Are you looking for a back-to-school project to write with your children and perhaps also with your child’s teacher? Try writing a cookbook with your kids. That way your children (or students) can learn more about nutrition while writing favorite recipes in a small cookbook than can be published online without the expense of paper.
At the same time classes in science, nutrition, or economics can learn how to substitute healthier ingredients for familiar ones, if the traditional ingredients aren’t too healthy. It’s one way to teach health science in Sacramento public schools or to write cookbooks with your kids that you can offer at fundraising events if you actually publish the cookbook or print it out from an online source or from your computer file.
If you’re interested in family history memoirs, try writing them. Better yet, let your children write their own memoirs of how they see, perceive, and interpret their parents, siblings, and older relatives from a kid’s point of view.
Members of Capitol City Young Writers meet bi-monthly during the course of the regular school year in Sacramento, CA. Check out their website if you’re interested in joining. For more help in learning to write together for entire families, check out my books, Writing What People Buy 101+ Projects That Get Results – iUniverse, or Creative Genealogy Projects Writing Salable Life Stories – iUniverse.
Regular meetings occur generally during the months of January, March, May, September and November. Subject to change based upon author and facility availability. No regular meetings are held during the months of June, July and August.
Back in March 2010, about 30 people – half of them children and half their parents – listened to two authors speak about memoirs and then practiced techniques of emotion and description at Sacramento State University campus. Check out the March 14, 2010 Sacramento Bee article about the workshop last month, “Kids write memoirs at Sac State Workshop.” The free workshop was one of five sponsored each year by the Capitol City Young Writers. The next event, in May, will focus on short story and fiction writing.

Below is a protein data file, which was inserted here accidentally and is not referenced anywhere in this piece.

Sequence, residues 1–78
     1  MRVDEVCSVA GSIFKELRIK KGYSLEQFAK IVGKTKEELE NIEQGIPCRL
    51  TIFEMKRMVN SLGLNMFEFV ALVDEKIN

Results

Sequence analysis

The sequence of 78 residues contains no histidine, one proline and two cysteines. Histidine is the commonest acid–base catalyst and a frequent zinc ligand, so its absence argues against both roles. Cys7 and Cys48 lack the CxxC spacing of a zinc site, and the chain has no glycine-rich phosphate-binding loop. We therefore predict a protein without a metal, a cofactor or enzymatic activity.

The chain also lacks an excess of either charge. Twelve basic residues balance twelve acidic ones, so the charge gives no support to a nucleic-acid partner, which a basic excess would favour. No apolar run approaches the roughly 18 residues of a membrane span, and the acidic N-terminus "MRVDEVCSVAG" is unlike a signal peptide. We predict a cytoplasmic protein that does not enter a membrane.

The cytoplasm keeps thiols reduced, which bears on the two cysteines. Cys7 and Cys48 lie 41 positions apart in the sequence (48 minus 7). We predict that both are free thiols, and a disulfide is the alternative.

Check out what’s in store for Capitol City Young Writers next meeting. According to the Capitol City Young Writers website, these meetings are in different locations for each date they meet. The meetings are professionally taped and edited and will be available to members on the website at a future date. Each meeting will have at least one guest speaker, either a professional from the industry, a published author and/or an educator.
Guests at meetings discuss their career path and profession and authors may do a reading. Students can enhance their own writing skills by participating in a writing workshop led by an educator or author. Students are introduced to and encouraged to write in the areas of fiction, non-fiction, memoir, poetry, broadcast radio, screenplay, and more.
Meetings are taped. And in the future, when and if they receive funding, the tapes will be edited and offered in workshops online to members. Last year, the Capitol City Writers were in the beginning stages of planning a north California and a south California conference for the last year’s summer of 2010 and plannead to expand to other states. The events are open to members in grades 6 through 12.
In the future, as the organization grows, workshops will be offered to younger members. Right now, younger members can benefit from the blog and newsletter, and eventually, the taped meetings. The five annual meetings will remain without cost, and the summer conferences and workshop series will be offered at minimal cost. Children as well as older family members can now realize that every life is worth a book, a story, a novel, a play, or a memoir.
Members can apply to become an annual editor of the CCYW Youth Literary Journal and be trained by board members and professional volunteers in editing, evaluating character, plot, scene, and in critical reading, leadership, and thinking skills.
Creative genealogy writing is another avenue to explore with your family.
It’s truly intergenerational to read the writings of children, especially how they perceive growing up in their families.
You can put on your own mock TV series similar to “Who Do You Think You Are?” Children can explore their own family history and write creatively about the events, history, and mobility that their relatives experienced.
That’s why memoirs writing is a part of the human experience. It links family history, memoirs writing, anthropology, and social psychology with the universals we all have in common. It’s writing the stages of life. And every life is worth that novel that begins with a memoir, vignette, or monologue. Try writing “this is your life” type skits with your kids. If you’re going to write a book, a small child may not have a memoir to write, but a cookbook is about what food the child eats daily at home, since many people have unique ways of preparing food for a family.